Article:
Melissa (computer virus)

From Wikipedia, the free encyclopedia
Jump to navigation Jump to search
Melissa
Common nameMelissa
Technical name
TypeMacro virus
Author(s)David L. Smith
Operating system(s) affectedWindows 95, Windows 98, Windows Me, Windows NT, Windows 2000, Windows XP[2]

The Melissa virus was a mass-mailing macro virus released on or around March 26, 1999. As it was not a standalone program, it was not classified as a worm. It targeted Microsoft Word and Outlook-based systems, and created considerable network traffic. The virus would infect computers via Email, the email being titled 'Important Message'. Upon clicking the message, the body would read: "Here's that document you asked for. Don't show anyone else ;)." Below this was a document titled list.doc. When the user clicked it many porn sites would open. It would then mass mail itself to the first 50 people in the user's contact list and then disable multiple safeguard features on Microsoft Word and Microsoft Outlook.

The virus was released on March 26, 1999, by David L. Smith of Aberdeen Township, New Jersey.[3]. The virus itself was credited to Kwyjibo, who was shown to be the macrovirus writers VicodinES and ALT-F11 by comparing Microsoft Word documents with the same globally unique identifier — this method was also used to trace the virus back to Smith.

On April 1, 1999, Smith was arrested in New Jersey as a result of a collaborative effort involving the FBI, the New Jersey State Police, Monmouth Internet, a Swedish computer scientist, and others. David L. Smith was accused of causing $80 million worth of damages by disrupting personal computers and computer networks in business and government.[4]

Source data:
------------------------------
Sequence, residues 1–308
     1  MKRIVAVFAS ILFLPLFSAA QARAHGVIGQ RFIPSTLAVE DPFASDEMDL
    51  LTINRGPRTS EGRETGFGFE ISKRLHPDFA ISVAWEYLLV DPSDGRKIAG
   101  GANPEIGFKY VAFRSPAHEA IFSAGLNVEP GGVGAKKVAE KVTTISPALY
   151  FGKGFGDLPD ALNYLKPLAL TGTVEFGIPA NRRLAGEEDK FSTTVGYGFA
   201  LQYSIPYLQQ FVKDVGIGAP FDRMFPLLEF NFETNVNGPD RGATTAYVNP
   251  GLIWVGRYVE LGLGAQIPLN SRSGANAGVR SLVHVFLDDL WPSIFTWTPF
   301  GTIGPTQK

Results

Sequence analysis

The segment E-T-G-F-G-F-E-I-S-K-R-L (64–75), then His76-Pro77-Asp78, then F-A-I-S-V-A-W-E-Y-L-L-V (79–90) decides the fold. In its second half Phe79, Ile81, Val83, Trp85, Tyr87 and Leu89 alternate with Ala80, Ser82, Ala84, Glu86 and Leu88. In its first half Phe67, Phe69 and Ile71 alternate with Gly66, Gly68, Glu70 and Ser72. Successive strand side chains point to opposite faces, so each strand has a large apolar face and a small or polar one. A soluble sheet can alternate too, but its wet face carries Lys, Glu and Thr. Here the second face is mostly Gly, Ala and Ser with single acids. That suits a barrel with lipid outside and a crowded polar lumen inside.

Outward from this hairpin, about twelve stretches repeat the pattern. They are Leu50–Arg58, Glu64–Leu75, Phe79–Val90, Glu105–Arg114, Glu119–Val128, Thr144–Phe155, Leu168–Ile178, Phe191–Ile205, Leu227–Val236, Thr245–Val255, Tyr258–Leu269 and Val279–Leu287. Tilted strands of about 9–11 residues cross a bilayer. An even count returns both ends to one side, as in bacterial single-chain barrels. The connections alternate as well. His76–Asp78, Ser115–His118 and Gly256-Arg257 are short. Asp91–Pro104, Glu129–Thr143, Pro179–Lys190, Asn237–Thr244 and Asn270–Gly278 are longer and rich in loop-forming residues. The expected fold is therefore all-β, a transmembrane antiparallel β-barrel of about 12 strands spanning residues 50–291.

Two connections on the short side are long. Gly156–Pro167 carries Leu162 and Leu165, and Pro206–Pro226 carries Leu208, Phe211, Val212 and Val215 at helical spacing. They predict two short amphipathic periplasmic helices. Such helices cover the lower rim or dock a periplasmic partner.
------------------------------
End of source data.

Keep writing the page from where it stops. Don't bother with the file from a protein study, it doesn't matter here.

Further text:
On December 10, 1999, Smith pleaded guilty to releasing the virus.[5]

On May 1, 1999 he was sentenced to 20 months in federal prison and fined $5,000 USD.[6][7]

See also[edit]

References[edit]

  1. ^ https://www.f-secure.com/v-descs/melissa.shtml
  2. ^ "W97M.Melissa.A". Symantec. Retrieved 9 February 2013.
  3. ^ Poulson. "Justice mysteriously delayed for 'Melissa' author".
  4. ^ Tracking Melissa's alter egos, ZDNet, 1999-04-02
  5. ^ "Melissa virus creator pleads guilty". BBC. 1999-12-09.
  6. ^ "Creator of Melissa Computer Virus Sentenced to 20 Months in Federal Prison" (Press release). U.S. Department of Justice. 2002-05-01. Retrieved 2006-08-30.
  7. ^ "Press Release: Creator of Melissa Computer Virus Sentenced to 20 Months in Federal Prison (May 1, 2002)". www.justice.gov. Retrieved 2020-01-05.

External links[edit]